There was magic in the air when an enthusiastic group of curious foragers gathered at NAIT to participate in Alberta Wild Mushrooms: From Field to Plate, a new course offered through NAIT’s Continuing Education.
The course started with an interesting and humorous presentation on the identification of edible (and not-so-edible) wild mushrooms led by Martin Osis, President of the Alberta Mycological Society. Students were introduced to a cross-indexed key to be used in conjunction with a locally published field guide, Mushrooms of Western Canada.
Mushrooms like warm and rainy weather. Noting the parched conditions in the surrounding area, Martin suggested the group head an hour and a half west, towards Cynthia, where the mushrooms were plentiful.
Savvy members of the group secretly marked the location on their cell phone GPSs, then fanned out in the forest in search of the delectable denizens.
A few minutes into the foray, I spotted my first ‘shroom. The group gathered round to share my discovery, a large overgrown Russula. My first lesson in harvesting was learned: “collect only firm fresh mushrooms for the table.” We left my worm-eaten specimen hanging on a tree branch for squirrel food.
My next discovery was the prized coral mushroom, much revered for its delicate and delicious flavour. There was nothing delectable about my next find though – a beautiful large white mushroom. Although it looked yummy to me, I was informed by our leader that it was the “grandmother of all poisonous mushrooms,” a deadly White Clitocybe. Thankfully, I didn’t have to churn to learn!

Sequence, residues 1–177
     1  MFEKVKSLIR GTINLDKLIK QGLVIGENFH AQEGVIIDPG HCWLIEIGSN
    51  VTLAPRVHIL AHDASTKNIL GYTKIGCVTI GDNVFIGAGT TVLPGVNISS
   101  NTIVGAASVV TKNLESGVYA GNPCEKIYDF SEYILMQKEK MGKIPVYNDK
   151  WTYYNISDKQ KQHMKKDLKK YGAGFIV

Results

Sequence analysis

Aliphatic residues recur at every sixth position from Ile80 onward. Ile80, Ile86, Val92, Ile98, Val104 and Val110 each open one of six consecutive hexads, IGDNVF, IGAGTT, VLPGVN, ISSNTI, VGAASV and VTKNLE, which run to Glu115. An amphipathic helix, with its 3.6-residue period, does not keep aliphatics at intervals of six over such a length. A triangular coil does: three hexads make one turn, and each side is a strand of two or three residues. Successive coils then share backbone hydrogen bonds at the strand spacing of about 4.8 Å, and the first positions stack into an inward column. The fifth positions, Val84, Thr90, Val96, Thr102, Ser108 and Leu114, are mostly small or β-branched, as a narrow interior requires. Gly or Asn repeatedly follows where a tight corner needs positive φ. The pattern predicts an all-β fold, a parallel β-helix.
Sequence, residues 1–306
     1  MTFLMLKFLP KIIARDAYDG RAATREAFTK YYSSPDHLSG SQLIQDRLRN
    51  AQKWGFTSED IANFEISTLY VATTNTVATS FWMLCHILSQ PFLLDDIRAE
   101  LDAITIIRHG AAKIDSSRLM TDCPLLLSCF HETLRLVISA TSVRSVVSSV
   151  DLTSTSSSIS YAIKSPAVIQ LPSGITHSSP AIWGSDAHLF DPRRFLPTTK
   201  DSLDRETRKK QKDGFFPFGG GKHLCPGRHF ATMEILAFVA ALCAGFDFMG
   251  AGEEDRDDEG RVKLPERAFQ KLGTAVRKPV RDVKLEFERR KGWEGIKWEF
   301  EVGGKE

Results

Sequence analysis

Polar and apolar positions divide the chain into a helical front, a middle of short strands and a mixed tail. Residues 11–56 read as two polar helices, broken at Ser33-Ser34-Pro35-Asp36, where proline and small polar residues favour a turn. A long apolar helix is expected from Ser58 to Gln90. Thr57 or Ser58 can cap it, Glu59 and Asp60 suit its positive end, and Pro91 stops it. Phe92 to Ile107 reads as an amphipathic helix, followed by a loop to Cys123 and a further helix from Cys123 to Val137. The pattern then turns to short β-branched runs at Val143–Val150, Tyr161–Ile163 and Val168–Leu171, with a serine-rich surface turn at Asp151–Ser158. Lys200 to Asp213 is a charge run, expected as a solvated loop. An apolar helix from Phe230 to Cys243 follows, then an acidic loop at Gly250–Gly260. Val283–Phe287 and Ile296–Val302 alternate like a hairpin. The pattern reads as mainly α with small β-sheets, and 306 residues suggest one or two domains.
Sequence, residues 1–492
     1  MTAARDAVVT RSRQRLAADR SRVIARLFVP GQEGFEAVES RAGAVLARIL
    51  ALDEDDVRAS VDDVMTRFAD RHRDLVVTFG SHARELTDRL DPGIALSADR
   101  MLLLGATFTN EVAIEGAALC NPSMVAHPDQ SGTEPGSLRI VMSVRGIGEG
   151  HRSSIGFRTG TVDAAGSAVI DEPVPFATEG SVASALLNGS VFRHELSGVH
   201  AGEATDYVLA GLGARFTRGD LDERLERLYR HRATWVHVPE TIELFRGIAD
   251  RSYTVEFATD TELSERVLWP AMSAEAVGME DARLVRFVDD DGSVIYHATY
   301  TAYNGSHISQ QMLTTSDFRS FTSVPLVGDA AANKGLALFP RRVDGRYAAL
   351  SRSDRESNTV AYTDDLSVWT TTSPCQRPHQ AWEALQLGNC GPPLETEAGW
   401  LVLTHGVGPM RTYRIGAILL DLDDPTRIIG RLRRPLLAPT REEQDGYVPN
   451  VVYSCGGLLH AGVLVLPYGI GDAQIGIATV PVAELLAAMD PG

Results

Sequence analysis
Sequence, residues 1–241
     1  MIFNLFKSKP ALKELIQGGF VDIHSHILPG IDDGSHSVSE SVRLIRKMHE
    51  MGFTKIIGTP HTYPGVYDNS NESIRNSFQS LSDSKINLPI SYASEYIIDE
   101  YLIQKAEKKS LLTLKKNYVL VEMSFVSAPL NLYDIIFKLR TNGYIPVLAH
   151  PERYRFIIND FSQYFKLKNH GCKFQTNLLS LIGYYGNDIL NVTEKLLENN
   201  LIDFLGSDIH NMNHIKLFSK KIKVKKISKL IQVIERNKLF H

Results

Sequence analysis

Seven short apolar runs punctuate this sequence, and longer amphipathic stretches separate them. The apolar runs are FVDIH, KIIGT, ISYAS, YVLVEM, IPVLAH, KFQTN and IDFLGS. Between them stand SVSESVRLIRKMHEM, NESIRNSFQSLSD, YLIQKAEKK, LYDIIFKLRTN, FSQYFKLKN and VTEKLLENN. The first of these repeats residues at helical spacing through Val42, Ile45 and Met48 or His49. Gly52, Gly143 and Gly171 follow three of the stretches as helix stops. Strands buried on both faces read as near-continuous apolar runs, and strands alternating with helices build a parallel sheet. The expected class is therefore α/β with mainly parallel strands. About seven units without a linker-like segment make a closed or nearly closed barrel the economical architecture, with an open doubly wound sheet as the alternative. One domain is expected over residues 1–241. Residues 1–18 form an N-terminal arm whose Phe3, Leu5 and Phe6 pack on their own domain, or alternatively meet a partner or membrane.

After an hour or so of messing in the moss, the group had gathered a copious quantity of wild mushrooms. Russulas topped the list, but the baskets also included green lobster mushrooms, shaggy parasols, redtops, milk caps, oysters, and a smattering of not-so-edible varieties.
After sorting through our harvest, the group returned to NAIT’s culinary kitchens to clean, cook and sample our bounty. Students were introduced to some classical mushroom recipes, including Mushroom Duxelles and Fresh Chanterelles and Leeks Linguine.
What a day and what an experience – a true walk on the wild side. Identifying and collecting wild mushrooms provides a fascinating learning journey. Mycology provides an opportunity to connect with nature and increase epicurean knowledge. Besides – it’s free food!